A new poll from PPP reveals that Bernie Sanders is gaining ground on Hillary Clinton in North Carolina.
According to PPP:
On the Democratic side Hillary Clinton still has a dominant lead, but things are tightening up some in the way that they are in other places across the country. Clinton’s at 55% to 20% for Bernie Sanders, 7% for Jim Webb, and 4% each for Lincoln Chafee and Martin O’Malley. Clinton’s dropped from 62% to this 55% standing over the last month, while Sanders has made an almost corresponding lead from 14% to 20%. Webb’s up 2 points from a month ago, and Chafee and O’Malley have stayed in place.
Clinton’s polling over 70% with African Americans, 60% with liberals and women, and 50% with moderates and voters in every age group. The 2 places she is doing a little weaker are with white voters where she leads Sanders 45/24 and men where her advantage is just 46/29.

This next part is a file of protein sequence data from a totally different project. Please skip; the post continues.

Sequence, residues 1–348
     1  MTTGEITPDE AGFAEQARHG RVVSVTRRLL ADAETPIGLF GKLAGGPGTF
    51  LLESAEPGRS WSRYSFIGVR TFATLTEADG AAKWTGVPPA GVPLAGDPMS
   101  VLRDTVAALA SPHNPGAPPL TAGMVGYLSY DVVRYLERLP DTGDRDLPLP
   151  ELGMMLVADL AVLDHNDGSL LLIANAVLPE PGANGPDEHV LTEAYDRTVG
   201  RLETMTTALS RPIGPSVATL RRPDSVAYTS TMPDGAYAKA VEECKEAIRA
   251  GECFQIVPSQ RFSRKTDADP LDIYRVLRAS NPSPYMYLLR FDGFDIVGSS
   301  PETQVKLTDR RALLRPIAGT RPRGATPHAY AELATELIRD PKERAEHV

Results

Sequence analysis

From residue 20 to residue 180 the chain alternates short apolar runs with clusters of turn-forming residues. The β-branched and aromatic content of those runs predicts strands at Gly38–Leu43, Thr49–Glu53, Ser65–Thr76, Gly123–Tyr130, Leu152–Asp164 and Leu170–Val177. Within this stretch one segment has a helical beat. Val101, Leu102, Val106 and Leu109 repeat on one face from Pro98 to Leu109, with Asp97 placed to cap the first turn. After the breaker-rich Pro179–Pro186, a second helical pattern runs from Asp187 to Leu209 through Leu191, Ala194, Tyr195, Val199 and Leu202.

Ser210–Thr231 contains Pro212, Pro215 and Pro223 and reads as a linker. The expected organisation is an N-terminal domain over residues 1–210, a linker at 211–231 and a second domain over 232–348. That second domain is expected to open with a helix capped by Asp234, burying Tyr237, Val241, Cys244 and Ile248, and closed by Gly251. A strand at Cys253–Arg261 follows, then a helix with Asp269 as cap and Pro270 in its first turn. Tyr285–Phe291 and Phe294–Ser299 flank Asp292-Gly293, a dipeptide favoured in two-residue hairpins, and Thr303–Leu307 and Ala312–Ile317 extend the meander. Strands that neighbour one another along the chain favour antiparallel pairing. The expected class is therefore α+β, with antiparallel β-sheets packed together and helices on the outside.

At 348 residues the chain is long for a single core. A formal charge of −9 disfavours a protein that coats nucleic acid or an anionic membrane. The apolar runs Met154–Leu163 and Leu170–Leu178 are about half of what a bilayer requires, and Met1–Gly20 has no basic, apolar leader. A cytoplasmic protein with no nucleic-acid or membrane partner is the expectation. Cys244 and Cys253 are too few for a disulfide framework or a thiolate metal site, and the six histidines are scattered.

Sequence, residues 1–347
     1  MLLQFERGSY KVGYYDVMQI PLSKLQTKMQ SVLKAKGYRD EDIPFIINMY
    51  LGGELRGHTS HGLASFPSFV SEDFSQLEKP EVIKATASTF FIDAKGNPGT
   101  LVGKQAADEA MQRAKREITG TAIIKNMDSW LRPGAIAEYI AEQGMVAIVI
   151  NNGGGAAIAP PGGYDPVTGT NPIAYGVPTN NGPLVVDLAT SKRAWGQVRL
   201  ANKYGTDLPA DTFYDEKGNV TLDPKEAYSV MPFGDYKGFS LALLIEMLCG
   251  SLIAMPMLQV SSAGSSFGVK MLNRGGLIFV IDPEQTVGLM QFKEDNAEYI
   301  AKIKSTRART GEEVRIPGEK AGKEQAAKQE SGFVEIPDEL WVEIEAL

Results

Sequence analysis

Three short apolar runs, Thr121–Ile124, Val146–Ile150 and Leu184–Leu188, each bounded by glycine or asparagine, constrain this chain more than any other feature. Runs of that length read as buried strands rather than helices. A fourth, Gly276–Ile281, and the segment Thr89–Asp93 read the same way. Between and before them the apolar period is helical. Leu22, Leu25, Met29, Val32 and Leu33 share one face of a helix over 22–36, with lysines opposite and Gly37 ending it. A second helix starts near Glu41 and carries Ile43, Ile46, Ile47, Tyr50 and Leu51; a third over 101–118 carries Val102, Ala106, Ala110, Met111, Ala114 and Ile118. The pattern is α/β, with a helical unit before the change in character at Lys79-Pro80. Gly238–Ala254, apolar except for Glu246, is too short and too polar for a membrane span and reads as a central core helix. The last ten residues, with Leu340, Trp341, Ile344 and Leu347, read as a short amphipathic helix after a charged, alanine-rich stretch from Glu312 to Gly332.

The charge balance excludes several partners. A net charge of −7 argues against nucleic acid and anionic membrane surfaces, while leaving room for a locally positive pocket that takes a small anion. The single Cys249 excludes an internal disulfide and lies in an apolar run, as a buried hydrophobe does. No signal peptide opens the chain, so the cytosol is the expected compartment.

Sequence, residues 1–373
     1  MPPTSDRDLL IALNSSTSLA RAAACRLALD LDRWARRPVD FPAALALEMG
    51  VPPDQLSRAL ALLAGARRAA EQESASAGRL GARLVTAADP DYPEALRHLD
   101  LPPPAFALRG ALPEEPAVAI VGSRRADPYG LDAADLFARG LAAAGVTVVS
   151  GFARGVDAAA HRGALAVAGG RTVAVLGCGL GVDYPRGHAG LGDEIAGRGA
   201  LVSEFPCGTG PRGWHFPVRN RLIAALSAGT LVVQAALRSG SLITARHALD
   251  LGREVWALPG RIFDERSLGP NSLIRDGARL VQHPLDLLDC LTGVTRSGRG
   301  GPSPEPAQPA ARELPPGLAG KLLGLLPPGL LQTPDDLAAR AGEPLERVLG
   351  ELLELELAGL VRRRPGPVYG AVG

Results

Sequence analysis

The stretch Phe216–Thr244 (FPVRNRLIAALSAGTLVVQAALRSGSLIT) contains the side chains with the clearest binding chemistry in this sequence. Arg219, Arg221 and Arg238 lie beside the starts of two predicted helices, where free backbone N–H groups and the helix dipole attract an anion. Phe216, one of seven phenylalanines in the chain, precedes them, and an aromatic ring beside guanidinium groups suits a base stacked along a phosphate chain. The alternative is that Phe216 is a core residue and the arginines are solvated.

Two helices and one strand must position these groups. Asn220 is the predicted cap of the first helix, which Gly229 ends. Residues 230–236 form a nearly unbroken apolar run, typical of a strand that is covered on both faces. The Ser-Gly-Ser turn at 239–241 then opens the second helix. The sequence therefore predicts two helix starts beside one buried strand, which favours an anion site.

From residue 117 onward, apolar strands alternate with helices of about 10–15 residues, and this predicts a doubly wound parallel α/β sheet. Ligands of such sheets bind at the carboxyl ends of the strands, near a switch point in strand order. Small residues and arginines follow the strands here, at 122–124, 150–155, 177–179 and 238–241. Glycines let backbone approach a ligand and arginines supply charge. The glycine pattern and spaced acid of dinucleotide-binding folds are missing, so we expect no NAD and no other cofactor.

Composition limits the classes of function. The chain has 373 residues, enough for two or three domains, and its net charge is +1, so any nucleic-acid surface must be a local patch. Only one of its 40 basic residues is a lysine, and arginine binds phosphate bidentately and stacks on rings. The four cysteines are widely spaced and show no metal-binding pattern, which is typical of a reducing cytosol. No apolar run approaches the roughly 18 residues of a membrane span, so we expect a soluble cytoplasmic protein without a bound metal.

Bernie Sanders has solidly become Hillary Clinton’s main challenger for the Democratic nomination. Martin O’Malley is going nowhere fast, and the others have no chance to catch Sanders.
Hillary Clinton remains the overwhelming favorite to win the Democratic nomination, but she is being pushed by Sen. Sanders in a way that the media never anticipated. Sanders’s rise in the poll can be attributed to Democratic voters getting to know him.
The popularity of Sen. Sanders is spreading to all parts of the country. Bernie Sanders is a national candidate with a national base of support. The media still has a tendency to treat Sanders like he is a bit of a novelty, but beyond presidential primary politics, there is a real movement building that will continue long after the contest for the Democratic nomination has been decided.
Mr. Easley is the founder/managing editor and Senior White House and Congressional correspondent for PoliticusUSA.Jason has a Bachelor’s Degree in Political Science. His graduate work focused on public policy, with a specialization in social reform movements.
Awards and Professional Memberships
Member of the Society of Professional Journalists and The American Political Science Association